The “Bipartisan Budget Act of 2018” extends sequestration to 2027, with no particular changes in how sequestration rates for subsidy bonds are calculated. Sequestration was originally supposed to last until 2021 but was extended several times. The last extension would have ended sequestration after 2025.
Today the Internal Revenue Service released an announcement on its Web site concerning the effect of sequestration on certain state and local government filers of Form 8038-CP. The announcement recounts that, beginning March 1, 2013, certain automatic reductions have taken place as required by the fiscal cliff legislation adopted at the end of 2012.
The reductions include reductions to refundable credits under I.R.C. 6431 with respect to certain qualified bonds. The sequester reduction is applied to I.R.C. 6431 amounts claimed by an issuer on any Form 8038-CP filed with the Service which results in a payment to such issuer on or after Mach 1, 2013. The sequestration reduction rate will be applied until the end of the fiscal year or until Congress intervenes.
The reductions apply to build America bonds, Qualified School Construction Bonds, Qualified Zone Academy Bonds, New Clean Renewable Energy Bonds and Qualified Energy Conservation Bonds for which the issuer elected to receive a direct credit subsidy pursuant to I.R.C. 6431.
As determined by the Office of Management and Budget, payments to issuers from the budget accounts associated to these qualified bonds are subject to a reduction of 8.7% of the amount budgeted for such payments.
Issuers are requested to complete the Form 8038-CP in the same manner as prior to the sequestration. The IRS states that it will notify issuers that a portion of the requested payment is subject to the sequester reduction.
It is not clear whether the 8.7% is applied against the 35% subsidy percentage (resulting in a reduced subsidy percentage of 31.955% = 35% reduced by 8.7%) or against the actual dollar amount of the subsidy payment at 35% (assuming a $100 subsidy payment at 35%, the reduction would be $8.70; i.e., 35% – 8.7% = 26.3%).
On October 1, 2013, the Internal Revenue Service announced that the sequestration rate for fiscal year 2014, beginning October 1, 2013, and ending September 30, 2014, will be 7.2%, unless Congress changes the sequestration laws. This compares to the 8.7% in effect from March 1, 2013 through September 30, 2013.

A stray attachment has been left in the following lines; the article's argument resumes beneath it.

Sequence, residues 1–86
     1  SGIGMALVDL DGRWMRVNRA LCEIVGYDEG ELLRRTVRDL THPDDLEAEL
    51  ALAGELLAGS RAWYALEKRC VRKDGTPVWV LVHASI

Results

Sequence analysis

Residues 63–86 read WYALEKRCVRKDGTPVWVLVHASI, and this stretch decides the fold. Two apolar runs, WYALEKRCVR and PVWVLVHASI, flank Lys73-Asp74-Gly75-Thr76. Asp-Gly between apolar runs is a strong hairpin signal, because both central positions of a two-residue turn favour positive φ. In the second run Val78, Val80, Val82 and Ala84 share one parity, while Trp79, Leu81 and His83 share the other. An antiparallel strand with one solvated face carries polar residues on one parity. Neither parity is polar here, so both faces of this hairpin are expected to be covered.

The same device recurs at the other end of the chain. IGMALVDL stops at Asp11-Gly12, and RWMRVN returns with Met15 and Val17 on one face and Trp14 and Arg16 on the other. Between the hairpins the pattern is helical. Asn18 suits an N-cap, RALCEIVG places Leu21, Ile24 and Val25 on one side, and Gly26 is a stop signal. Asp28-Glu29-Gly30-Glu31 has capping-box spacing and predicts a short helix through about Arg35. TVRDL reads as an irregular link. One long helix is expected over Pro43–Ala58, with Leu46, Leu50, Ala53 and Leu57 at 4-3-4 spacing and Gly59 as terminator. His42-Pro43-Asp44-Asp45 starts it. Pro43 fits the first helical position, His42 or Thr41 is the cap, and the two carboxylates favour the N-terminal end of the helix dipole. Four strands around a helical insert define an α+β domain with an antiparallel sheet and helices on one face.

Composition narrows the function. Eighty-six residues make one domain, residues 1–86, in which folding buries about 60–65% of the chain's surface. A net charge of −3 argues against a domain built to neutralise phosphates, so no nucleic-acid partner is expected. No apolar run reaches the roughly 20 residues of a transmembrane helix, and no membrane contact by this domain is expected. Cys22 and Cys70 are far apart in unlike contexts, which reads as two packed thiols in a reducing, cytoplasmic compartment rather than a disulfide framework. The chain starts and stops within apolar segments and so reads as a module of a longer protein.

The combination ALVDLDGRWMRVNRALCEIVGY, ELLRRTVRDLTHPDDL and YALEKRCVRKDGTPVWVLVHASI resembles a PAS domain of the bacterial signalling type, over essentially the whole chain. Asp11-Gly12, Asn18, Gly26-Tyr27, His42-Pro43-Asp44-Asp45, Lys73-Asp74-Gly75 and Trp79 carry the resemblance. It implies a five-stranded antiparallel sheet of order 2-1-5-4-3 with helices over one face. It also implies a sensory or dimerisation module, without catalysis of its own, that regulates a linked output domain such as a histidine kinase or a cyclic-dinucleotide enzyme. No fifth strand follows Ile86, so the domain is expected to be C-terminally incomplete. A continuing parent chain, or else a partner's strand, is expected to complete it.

Payments processed on or after October 1, 2014, and on or before September 31, 2015, are subject to a reduction of 7.3%. It does not matter when the Form 8038-CP to claim the credit is filed. The reduction will be based on when the payment form is processed. Sequestration may continue through federal fiscal year 2024 unless action is taken to change or end sequestration.
Fiscal Year 2016:
“Pursuant to the requirements of the Balanced Budget and Emergency Deficit Control Act of 1985, as amended, refund payments to certain state and local government filers claiming refundable credits under section 6431 of the Internal Revenue Code applicable to certain qualified bonds are subject to sequestration. This means that refund payments processed on or after October 1, 2015 and on or before September 30, 2016 will be reduced by the fiscal year 2016 sequestration rate of 6.8 percent, irrespective of when the amounts claimed by an issuer on any Form 8038-CP was filed with the IRS. The sequestration reduction rate will be applied unless and until a law is enacted that cancels or otherwise impacts the sequester, at which time the sequestration reduction rate is subject to change.” See IRS.gov.
Fiscal Year 2017:
The sequestration rate during fiscal year 2017, starting October 1, 2016 and ending September 30, 2017, was 6.9%.
Fiscal Year 2018:
The sequestration rate during fiscal year 2018, starting October 1, 2017 and ending September 30, 2018, was 6.6%. This represents nearly a 2% reduction in the sequestration rate since 2013. See the Treasury Department announcement here.